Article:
Tuesday, August 18, 2015

The Rebirth of the Iconic Acura NSX

Twenty-five years after the debut of the original, paradigm-shifting NSX supercar, Acura revealed the production version of its highly anticipated twin-turbocharged engine successor. The next generation NSX showcases the production styling, design and specifications of Acura's mid-engine sports hybrid supercar, and Acura announced key details of the all-new vehicle's design and performance.

The NSX features a twin-turbocharged 75-degree DOHC V6 engine with a 9-speed dual clutch transmission (DCT) and three-electric motor Sport Hybrid system—integrated with an ultra-rigid and lightweight multi-material body with world's-first material applications and manufacturing processes. The NSX will leverage its state-of-the-art hybrid supercar power unit, body and chassis to deliver exceptionally intuitive and immediate response to driver inputs.

The NSX body features classic low and wide proportions married to modern and alluring surfacing, an aggressive front design, and tail lights that pays homage to the original NSX. The signature side intake and floating C-pillar collects air to feed the mid-mounted engine and directs airflow over the rear deck to increase downforce.

Acura engineers leveraged the company's expertise both with high-performance engine and hybrid electric-drive technologies, as well as its two decades of experience with industry-leading dynamic torque-vectoring technologies, including Super-Handling All-Wheel Drive (SH-AWD), to create the most sophisticated, technologically advanced and intelligent powertrain in the supercar universe.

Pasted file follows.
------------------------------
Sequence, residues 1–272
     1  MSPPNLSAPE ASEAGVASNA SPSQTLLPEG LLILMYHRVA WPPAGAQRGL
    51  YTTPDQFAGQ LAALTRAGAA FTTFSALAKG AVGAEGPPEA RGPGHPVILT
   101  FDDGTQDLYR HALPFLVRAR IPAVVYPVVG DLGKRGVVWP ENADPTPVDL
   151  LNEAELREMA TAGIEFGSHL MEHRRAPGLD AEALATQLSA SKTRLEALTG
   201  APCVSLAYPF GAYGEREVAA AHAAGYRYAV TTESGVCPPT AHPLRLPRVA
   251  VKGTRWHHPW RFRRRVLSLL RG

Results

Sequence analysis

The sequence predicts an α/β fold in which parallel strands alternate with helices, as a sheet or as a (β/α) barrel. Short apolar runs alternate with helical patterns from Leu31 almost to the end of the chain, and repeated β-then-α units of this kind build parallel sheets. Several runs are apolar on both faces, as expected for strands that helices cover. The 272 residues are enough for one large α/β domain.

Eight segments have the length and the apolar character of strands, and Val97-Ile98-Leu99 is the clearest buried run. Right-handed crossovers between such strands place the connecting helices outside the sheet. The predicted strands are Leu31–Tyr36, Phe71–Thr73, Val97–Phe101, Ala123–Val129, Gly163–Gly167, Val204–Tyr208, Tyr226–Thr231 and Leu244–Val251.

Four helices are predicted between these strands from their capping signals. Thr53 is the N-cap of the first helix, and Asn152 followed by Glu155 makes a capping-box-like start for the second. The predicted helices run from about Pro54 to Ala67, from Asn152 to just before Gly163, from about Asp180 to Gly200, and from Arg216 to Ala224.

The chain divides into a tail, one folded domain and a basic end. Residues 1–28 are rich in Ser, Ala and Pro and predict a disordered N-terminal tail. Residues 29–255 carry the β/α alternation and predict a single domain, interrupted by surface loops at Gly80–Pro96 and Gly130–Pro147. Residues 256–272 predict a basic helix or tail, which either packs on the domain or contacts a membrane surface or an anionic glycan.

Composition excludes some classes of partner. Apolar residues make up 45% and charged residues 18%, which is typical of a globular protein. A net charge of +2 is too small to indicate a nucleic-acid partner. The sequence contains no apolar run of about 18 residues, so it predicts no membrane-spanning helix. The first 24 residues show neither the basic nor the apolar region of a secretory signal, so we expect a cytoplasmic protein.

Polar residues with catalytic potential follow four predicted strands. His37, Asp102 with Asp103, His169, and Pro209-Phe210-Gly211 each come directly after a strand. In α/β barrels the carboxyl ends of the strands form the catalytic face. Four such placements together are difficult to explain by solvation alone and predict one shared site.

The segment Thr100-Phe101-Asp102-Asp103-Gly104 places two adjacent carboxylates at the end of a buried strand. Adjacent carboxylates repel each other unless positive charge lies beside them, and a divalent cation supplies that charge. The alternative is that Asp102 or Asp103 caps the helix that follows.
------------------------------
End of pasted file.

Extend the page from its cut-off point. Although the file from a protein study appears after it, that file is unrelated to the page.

Tuesday, August 11, 2015

Ford partners with Coscharis Motors to assemble Ranger in Nigeria

Ford has announced that it is partnering with Coscharis Motors Limited to assemble the Ranger pickup in Nigeria starting in the fourth quarter of 2015 as part of its expansion in the Middle East and Africa where the small truck is popular. Cosmas Maduka, president of Coscharis Motors, said "this partnership will boost Nigeria's much needed march towards industrialization and create an important step in the development of the automotive industry."

Nigeria will be the first African country outside of South Africa to produce Ford vehicles. The Ranger will be assembled in Ikeja Lagos State, about 470 miles from the capital city of Abuja, creating about 180 jobs. An investment figure is not being released. Ford will send employees to Nigeria to train them in the Ford manufacturing system.

The Ranger is built and sold around the world with the notable exception of North America. The last U.S.-built Ranger rolled off the line in St. Paul, Minn., in December 2011. Ford redirects truck buyers to the larger Ford F-150 but a core of customers continue to ask for the return of the smaller pickup. The Nigerian operation will be a "semi-knockdown" plant that will receive parts and components partially assembled from South Africa and complete the assembly. The kit assembly plant has capacity for 5,000 trucks a year, all for the Nigerian market.
Dr. Cosmas Maduka; CEO Coscharis Motors

For Ford, "assembling Ford Ranger trucks in Africa's largest economy is an important milestone in our Middle East and Africa growth plan," said Jim Benintende, president of Ford Middle East & Africa. "With Coscharis we have the right partner and with the Ford Ranger we have the right product to deliver a world-class truck that Nigerian customers want and value."

The Ranger is the best-selling vehicle in South Africa, and Ford sees Nigeria as a priority market in Sub-Saharan Africa. The truck is sold in 24 African countries and 148 markets worldwide.

‘This will allow us to better serve our customers both from a retail point of view, and in terms of vehicle and parts availability," said Jeff Nemeth, president and CEO of Ford Motor Company of Sub-Saharan Africa region. "We are committed to supporting Nigeria's developing automotive industry and economy, he said, noting assembly operations, even on a smaller scale, have positive ripple effects in the local economy and workforce.

By Tosan Aduayi in Texas with contributions from Agency Reports